you are using a CVS snapshot and not the release version.
Client Side Equivalent IDL
This section shows the full set of rules of how component ports are translated into operations on the equivalent client-side interface.
A.1 Facets
A facet of the form
provides <Interface> <name>;
is translated into the equivalent operation
<Interface> provide_<name> ();
A.2 Simplex Receptacles
A simplex receptacle of the form
uses <Interface> <name>;
is translated into the three equivalent operations
void connect_<name> (in <Interface> conxn);
<Interface> disconnect_<name> ();
<Interface> get_connection_<name> ();
A.3 Multiplex Receptacles
A multiplex receptacle of the form
uses multiple <Interface> <name>;
is translated into the following declarations
struct <name>Connection {
<Interface> objref;
Components::Cookie ck;
typedef sequence <<name>Connection> <name>Connections;
Components::Cookie connect_<name> (in <Interface> conxn);
<Interface> disconnect_<name> (in Components::Cookie ck);
<name>Connections get_connection_<name> ();
A.4 Eventtypes
Events that are transmitted between event sources and sinks of components must be declared using the new
eventtype keyword in IDL. Basically, eventtypes are valuetypes with some added features. The syntax of
eventtype declarations is exactly the same as for valuetypes. For each eventtype of the form
eventtype <name> { ... };
a valuetype and a consumer interface are generated:
valuetype <name> : Components::EventBase {
interface <name>Consumer : Components::EventConsumerBase {
void push (in <name> ev);
Components offer the consumer interface for each of their event sinks, and require an object reference to
the consumer interface for each of their event sources. Clients invoke the push operation in order to send
an event to the component.
A.5 Publisher Ports
A publisher port of the form
publishes <Eventtype> <name>;
is translated into the following equivalent operations
subscribe_<name> (in <Eventtype>Consumer consumer);
unsubscribe_<name> (in Components::Cookie ck);
A.6 Emitter Ports
An emitter port of the form
emits <Eventtype> <name>;
is translated into the following equivalent operations
void connect_<name> (in <Eventtype>Consumer consumer);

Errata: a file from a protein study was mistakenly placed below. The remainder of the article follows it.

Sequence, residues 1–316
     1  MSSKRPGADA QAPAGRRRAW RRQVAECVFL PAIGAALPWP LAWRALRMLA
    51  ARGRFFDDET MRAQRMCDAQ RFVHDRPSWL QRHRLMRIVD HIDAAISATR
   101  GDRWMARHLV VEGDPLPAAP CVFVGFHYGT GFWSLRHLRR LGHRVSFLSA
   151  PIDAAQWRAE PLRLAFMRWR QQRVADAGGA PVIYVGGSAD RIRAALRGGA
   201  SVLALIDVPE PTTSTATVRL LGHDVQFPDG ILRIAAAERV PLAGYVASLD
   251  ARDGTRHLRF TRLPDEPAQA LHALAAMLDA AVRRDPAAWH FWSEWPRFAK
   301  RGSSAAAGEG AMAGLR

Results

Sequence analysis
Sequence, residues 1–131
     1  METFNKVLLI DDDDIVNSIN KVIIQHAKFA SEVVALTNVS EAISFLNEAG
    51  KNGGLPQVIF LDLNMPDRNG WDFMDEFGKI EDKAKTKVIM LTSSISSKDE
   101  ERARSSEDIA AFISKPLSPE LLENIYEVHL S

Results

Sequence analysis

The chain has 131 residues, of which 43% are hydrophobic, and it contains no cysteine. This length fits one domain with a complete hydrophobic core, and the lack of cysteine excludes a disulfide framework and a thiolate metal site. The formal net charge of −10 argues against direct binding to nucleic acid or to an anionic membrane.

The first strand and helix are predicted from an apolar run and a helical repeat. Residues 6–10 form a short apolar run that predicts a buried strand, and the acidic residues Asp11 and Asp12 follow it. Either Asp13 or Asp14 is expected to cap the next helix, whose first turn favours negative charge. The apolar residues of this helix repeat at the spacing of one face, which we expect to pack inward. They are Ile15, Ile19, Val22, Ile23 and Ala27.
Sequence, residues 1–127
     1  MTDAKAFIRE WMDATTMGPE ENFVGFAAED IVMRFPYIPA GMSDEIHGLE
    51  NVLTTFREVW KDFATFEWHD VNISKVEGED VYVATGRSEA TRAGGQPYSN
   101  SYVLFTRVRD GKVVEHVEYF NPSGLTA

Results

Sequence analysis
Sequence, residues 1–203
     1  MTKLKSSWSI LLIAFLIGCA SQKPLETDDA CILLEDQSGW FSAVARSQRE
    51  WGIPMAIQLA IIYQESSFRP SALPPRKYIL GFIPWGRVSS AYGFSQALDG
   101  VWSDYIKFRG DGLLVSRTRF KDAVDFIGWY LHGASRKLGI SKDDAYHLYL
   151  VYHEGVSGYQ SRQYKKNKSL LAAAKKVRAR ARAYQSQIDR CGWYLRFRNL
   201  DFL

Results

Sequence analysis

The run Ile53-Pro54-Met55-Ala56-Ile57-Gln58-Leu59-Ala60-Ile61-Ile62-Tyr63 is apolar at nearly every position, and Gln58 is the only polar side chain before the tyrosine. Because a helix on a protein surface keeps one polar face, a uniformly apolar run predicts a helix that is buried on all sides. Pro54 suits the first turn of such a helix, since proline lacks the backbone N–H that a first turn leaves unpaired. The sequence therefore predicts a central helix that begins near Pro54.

<Eventtype>Consumer disconnect_<name> ();
A.7 Consumer Ports
A consumer port of the form
consumes <Eventtype> <name>;
is translated into the following equivalent operation
<Eventtype>Consumer get_consumer_<name> ();
Clients use this operation to acquire an object reference for the consumer interface that receives events for
the desired port. Clients can invoke the push method on that object reference to send events themselves,
or they can use it to connect the event sink to another component’s event source.
A.8 Equivalent IDL for factories
If a home manages component <managed>, a factory of the form
factory <name> (<parameter list>);
is translated into the equivalent operation on the home’s equivalent explicit interface
<managed> <name> (<parameter list>);
A.9 Equivalent IDL for finders
If a home manages component <managed>, a finder of the form
finder <name> (<parameter list>);
is translated into the equivalent operation on the home’s equivalent explicit interface
<managed> <name> (<parameter list>);
[1] CORBA Components Specification
The official specification. This is heavy reading. It becomes somewhat simpler if you ignore the CIDL
and CCM Implementation Framework chapters.
[2] CORBA and CCM Page˜dsevilla/ccm/
This nice page of Diego Sevilla Ruiz tries to collect all sorts of information about the CCM, with lots
of links to interesting reading material.
[3] The OpenCCM Platform
This effort of implementing the CCM in Java nicely complements MicoCCM.
[4] The MICO Home Page
[5] The MicoCCM Home Page